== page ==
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25/9/20: COVID19 Update: Countries with 100,000 cases and higher

September 25, 2020

Summary tables for 36 countries with 100,000 cases and above:The U.S. continues to ‘lead’ the world in terms of sheer magnitude of the pandemic, followed by India, Brazil and Russia. The U.S. also continues to dominate the world tables in the numbers of people who died from the COVID19, followed by Brazil, India and Mexico. While the U.S. only accounts for 4.3% of the world population, it accounts for 22% of all cases of COVID19 and 21% of all deaths from the disease. Meanwhile, the highest per-capita rate of infections is registered in Quatar, followed by Panama and Peru. The highest per-capita deaths are in Peru, Bolivia and Brazil, while the highest mortality rate (deaths per confirmed cases) are in Italy, Mexico and the UK.Out of all countries with 100K cases and higher, plus the

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25/9/20: COVID19 Update: U.S. vs EU27

September 25, 2020

Updating U.S. and EU27 numbers for COVID19 pandemic for the last 7 days:Per above chart, the U.S. continues to pull away from EU27 in terms of deaths per capita of population. However, as shown in the chart net, EU27 is now in a full-blown contagion wave number 2, with new cases exceeding prior (wave 1) peaks.The increase in new cases in Europe is now also reflected in rising death counts. Current EU27 death counts are in excess of the numbers that triggered winter shutdown of the European economies.Key takeaways from the above:EU27 is now in a full-blown second wave of the pandemic, with case numbers well in excess of anything witnessed during the first wave peak.As the result, in the last 10 days, EU27 new case numbers have surpassed the U.S. on 3 occasions.Despite this, overall counts

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25/9/20: COVID19 Update: Worldwide Cases and Deaths

September 25, 2020

This week’s update on worldwide numbers for the pandemic:New cases are now trending up once again, as the world continues to experience the first wave of the pandemic. Meanwhile, new deaths remain relatively stable at highly elevated levels. The local trough in deaths counts that took place at the first week of June is now firmly surpassed and we are still close to the post-trough peak. The above conclusions are also confirmed by the growth rates which have ticked up significantly in the second half of September.To see the trends more clearly:Key takeaways from the above charts and tables:As of 12/09/2020, we have once again surpassed past all-time peak and are currently running at historical highs in terms of new cases.Local peak in daily deaths counts was attained in the first week of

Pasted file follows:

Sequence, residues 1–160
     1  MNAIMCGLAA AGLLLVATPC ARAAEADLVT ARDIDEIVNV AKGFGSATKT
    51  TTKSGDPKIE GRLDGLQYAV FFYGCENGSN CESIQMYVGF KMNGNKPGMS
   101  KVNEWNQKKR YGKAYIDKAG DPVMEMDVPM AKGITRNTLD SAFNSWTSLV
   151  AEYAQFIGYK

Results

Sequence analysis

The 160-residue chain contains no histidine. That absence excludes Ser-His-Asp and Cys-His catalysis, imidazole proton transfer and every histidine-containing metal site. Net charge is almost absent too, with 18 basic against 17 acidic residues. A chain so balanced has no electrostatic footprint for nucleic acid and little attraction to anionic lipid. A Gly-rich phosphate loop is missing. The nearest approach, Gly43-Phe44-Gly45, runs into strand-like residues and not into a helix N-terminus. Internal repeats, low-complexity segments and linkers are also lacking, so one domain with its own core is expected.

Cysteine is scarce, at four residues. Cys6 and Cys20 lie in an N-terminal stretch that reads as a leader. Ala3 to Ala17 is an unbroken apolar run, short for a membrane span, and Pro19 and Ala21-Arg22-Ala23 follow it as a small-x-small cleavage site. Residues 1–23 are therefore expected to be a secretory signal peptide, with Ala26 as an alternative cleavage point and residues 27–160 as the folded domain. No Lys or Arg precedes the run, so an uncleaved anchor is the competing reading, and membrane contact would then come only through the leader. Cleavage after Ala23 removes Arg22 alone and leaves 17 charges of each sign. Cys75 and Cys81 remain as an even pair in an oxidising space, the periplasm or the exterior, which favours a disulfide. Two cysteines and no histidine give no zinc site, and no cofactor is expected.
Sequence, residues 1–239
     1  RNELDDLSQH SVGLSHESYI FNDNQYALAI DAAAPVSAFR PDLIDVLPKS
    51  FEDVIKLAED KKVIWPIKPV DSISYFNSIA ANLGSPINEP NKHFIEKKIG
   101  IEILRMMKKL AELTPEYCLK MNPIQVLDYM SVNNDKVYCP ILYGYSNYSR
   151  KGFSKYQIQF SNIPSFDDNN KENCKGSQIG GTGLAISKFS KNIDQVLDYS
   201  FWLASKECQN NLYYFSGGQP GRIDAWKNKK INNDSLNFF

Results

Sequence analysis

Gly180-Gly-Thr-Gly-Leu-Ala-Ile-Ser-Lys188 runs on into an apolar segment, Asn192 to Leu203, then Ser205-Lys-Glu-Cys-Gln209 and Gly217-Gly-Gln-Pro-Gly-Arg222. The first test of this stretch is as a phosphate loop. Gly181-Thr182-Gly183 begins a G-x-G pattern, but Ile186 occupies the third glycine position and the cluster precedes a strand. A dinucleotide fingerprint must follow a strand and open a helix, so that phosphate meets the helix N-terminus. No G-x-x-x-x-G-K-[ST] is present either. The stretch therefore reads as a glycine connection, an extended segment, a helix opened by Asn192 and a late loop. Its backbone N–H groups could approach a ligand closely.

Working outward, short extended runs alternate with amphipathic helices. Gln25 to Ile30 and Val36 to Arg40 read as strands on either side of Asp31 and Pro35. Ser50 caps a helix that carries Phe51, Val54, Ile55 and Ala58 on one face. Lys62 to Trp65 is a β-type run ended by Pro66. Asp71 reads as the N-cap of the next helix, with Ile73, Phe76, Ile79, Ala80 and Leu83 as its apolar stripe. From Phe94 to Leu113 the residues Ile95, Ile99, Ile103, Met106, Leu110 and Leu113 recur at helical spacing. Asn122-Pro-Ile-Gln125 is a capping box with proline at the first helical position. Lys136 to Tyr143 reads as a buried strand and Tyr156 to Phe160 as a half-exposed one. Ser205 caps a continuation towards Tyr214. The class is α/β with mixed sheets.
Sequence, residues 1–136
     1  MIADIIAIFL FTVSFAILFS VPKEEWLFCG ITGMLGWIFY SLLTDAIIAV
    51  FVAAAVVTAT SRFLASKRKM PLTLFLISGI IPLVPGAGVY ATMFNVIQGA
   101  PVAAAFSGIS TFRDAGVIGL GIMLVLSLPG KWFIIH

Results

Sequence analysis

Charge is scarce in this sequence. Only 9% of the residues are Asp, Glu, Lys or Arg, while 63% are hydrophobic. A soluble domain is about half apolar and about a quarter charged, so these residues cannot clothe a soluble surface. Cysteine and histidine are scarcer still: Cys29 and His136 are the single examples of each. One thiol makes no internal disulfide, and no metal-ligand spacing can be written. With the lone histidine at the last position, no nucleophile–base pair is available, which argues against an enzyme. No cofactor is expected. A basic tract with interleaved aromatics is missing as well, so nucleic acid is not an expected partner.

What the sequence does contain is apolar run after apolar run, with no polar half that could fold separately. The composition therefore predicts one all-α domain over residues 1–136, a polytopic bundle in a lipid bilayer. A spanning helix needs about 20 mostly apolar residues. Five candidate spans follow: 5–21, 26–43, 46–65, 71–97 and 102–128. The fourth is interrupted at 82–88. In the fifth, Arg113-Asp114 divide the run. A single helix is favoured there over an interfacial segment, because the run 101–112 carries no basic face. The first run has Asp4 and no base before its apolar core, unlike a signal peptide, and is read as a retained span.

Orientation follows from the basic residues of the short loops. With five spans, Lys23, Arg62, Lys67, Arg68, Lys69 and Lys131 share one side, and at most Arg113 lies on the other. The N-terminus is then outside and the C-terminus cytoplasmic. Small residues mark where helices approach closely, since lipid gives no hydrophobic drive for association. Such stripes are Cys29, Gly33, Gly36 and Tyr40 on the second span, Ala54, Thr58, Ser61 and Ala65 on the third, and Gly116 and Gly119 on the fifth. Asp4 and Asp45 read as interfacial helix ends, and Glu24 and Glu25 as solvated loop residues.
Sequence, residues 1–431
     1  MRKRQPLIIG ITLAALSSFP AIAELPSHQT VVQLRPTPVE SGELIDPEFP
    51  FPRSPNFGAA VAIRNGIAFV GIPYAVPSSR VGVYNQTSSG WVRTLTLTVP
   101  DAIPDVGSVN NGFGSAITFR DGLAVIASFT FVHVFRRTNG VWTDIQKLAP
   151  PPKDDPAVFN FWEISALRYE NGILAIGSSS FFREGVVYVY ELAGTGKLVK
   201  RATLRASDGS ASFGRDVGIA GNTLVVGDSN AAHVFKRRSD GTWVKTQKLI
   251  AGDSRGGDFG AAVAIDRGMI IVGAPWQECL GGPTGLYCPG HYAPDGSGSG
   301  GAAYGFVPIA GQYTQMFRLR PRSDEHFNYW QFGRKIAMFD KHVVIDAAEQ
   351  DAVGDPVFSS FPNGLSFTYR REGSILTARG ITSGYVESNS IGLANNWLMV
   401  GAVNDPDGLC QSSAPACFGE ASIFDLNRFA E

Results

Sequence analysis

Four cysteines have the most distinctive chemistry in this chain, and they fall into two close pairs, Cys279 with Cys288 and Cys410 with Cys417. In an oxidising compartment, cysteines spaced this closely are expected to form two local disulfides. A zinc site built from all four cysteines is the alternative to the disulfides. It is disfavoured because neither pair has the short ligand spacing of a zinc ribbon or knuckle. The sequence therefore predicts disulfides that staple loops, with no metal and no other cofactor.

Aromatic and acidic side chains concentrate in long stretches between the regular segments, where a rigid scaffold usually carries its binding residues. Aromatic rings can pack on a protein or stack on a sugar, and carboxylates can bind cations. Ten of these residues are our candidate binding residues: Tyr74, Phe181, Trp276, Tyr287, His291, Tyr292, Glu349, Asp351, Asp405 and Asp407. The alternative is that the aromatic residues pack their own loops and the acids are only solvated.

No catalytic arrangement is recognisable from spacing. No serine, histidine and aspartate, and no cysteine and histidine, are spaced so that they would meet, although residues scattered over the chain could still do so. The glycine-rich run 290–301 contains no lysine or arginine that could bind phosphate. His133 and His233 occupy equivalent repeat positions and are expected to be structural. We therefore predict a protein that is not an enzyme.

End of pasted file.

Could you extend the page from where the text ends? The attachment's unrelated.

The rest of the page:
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22/9/20: COVID19 Update: German Economic Growth Forecasts 2020-2022

September 22, 2020

Germany’s ifo Institute published their forecasts for 2020-2022 today. These represent an improvement on Summer forecasts, but continue to show big impact of the COVID19 pandemic lasting beyond 2021:Private consumption is expected to be 0.82 percentage points below 2019 at the end of 2022, and barely in line (0.78 percentage points above) with 2018 levels. GDP is forecast to reach 1.34 percentage points above 2019 levels in 2022. Employment levels are projected to stay below 2019 levels through most of 2022, and unemployment numbers are expected to stay above their 2019 levels through the entire 2022. General Government deficits will remain in 2020, 2021 and 2022.Using pre-2020 trend growth, German economy would have been 1.66 to 1.85 percentage points ahead of the GDP levels now forecast

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18/9/20: COVID19 Update: Countries with more than 100,000 cases

September 18, 2020

Some descriptive stats and relative rankings for countries with the largest number of cases:In terms of relative and population-adjusted performance metrics:The U.S. ranks 6th highest in the pandemic extent (number of positive cases per 1 million of population). The EU27 as a whole ranks 23rd highest.The U.S. ranks 8th highest in terms of deaths per capita (number of deaths per 1 million of population). The EU 27 ranks 14th highest.The U.S. ranks 18th highest in terms of mortality rates (deaths per case). The EU 27 ranks 7th highest. The U.S. accounts for just 4% of the world’s population, but the country accounts for 24% of all global cases, and 22% of all deaths. In comparison, the EU27 accounts for 6% of the world’s population, 8% of all cases, and 16% of all deaths.U.S. country